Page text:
AUSTRALIA HAS JUST sweltered through its hottest summer on record, with more than 200 extreme weather records broken around the country, a new Climate Council report has revealed.
The Climate Council’s report, “The Angriest Summer” shows the past three months were characterised by prolonged heatwaves, record hot days and bushfires across the country.
“Every state experienced serious bushfires with properties lost in Queensland, NSW, Victoria and Tasmania,” said Climate Councillor and former Commissioner of Fire and Rescue NSW, Greg Mullins.
“Climate change has lengthened bushfire seasons. In NSW, firefighters battled blazes for most of the year, while firefighters in WA, Qld and Tasmania experienced fires outside the normal fire season. This puts a great deal of pressure on fire fighters; we simply don’t have the resources for this new reality,” said Mr Mullins.
“In Queensland and Tasmania we have witnessed pristine rainforest, previously not prone to bushfires, suffering irreparable damage,” he said.
Report Key Findings
- The Angriest Summer of 2018/19 was characterised by prolonged, continental-wide heatwaves and record hot days, bushfires throughout Australia, and heavy rainfall and flooding in northern Queensland.
- In just 90 days, 206 records were broken around Australia.
- The Angriest Summer was driven by greenhouse gas pollution from the burning of fossil fuels, like coal, oil and gas, and land clearing.
- The window to effectively tackle climate change is rapidly closing but many of the solutions we need are already at hand.
“The Australian summer has traditionally been associated with relaxation: BBQs in the sun and long days at the beach. But with temperatures now nudging 50 degrees in some places, the Aussie summer is morphing into a season of anxiety,” said the Climate Council’s CEO, Amanda McKenzie.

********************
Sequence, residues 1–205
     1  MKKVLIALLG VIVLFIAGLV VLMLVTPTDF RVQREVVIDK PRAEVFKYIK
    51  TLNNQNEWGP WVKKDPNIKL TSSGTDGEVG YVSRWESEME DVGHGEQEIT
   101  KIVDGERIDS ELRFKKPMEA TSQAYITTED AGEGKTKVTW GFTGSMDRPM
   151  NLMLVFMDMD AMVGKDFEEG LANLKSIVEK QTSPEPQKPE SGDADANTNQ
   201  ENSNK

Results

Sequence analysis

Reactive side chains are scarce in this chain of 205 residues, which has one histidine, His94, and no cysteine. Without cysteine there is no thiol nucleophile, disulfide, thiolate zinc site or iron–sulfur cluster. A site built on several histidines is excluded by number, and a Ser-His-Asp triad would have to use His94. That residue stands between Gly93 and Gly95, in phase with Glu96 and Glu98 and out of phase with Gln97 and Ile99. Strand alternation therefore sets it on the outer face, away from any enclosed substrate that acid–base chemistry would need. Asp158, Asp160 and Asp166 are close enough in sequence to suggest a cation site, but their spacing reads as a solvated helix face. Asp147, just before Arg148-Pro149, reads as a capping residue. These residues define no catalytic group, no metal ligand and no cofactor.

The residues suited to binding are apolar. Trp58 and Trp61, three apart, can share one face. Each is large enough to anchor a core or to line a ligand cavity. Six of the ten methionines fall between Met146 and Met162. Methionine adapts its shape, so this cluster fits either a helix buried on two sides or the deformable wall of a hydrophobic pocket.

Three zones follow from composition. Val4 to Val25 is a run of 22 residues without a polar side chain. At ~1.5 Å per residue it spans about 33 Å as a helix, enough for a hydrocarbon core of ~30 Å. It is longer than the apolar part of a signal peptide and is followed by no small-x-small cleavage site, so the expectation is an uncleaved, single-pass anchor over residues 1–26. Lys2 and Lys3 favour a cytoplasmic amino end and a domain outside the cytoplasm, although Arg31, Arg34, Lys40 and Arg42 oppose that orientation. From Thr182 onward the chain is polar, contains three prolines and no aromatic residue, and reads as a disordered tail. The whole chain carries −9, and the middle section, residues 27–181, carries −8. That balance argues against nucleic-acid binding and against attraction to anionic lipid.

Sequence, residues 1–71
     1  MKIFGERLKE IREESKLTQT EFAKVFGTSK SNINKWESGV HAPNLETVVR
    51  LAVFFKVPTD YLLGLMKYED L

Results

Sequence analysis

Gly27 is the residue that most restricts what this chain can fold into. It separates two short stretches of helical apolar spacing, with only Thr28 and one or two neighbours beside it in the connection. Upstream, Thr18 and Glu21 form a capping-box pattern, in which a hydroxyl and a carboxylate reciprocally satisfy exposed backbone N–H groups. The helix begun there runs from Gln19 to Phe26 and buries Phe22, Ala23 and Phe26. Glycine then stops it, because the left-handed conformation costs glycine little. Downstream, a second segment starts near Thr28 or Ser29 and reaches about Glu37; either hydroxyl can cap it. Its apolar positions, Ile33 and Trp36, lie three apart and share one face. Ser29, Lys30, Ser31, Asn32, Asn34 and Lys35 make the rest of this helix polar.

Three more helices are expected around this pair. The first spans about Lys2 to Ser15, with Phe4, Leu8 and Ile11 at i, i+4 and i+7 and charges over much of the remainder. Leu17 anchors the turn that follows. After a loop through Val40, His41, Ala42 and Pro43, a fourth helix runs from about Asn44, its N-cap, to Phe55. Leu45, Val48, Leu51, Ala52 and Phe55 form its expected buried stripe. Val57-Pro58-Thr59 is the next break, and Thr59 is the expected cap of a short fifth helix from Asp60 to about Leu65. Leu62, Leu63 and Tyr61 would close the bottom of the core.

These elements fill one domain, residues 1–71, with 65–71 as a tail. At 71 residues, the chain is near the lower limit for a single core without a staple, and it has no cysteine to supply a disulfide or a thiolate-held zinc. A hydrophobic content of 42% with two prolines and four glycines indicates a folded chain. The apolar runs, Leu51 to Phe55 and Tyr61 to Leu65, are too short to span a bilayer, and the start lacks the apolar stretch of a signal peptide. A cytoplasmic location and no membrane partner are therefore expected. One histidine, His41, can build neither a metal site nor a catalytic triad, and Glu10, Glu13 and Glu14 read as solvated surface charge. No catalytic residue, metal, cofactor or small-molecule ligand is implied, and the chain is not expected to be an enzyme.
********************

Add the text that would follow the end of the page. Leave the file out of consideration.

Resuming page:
“Record hot days have a big knock on effect: kids can’t play sport when the temperature is regularly above 40 degrees, elderly people with chronic disease are at increased risk and animals are also vulnerable,” said Ms McKenzie.
“This summer was so hot we witnessed fruit cooking on trees. In Sydney, authorities warned steel train tracks could buckle under the extreme heat. In Melbourne, the Australian Tennis Open had to implement its new extreme-heat policy, postponing matches, as temperatures soared. What we’re living with is part of a long-term warming trend driven by the burning of fossil fuels and land clearing,” she said.
“For many years scientists have warned that climate change is driving worsening extreme weather. This Angriest Summer is another example of the consequences of climate change,” she said.
“Protecting Australians from worsening extreme weather requires phasing out fossil fuels and accelerating the transition to renewables and storage technologies,” she said.
“Tackling climate change effectively requires credible national policy to drive down greenhouse gas pollution from fossil fuels across all sectors. Right now the Federal Government has no credible policy and pollution has gone up and up and up,” said Ms McKenzie.
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The Climate Council is Australia’s leading climate change communications organisation. We provide authoritative, expert and evidence-based advice on climate change to journalists, policymakers, and the wider Australian community.
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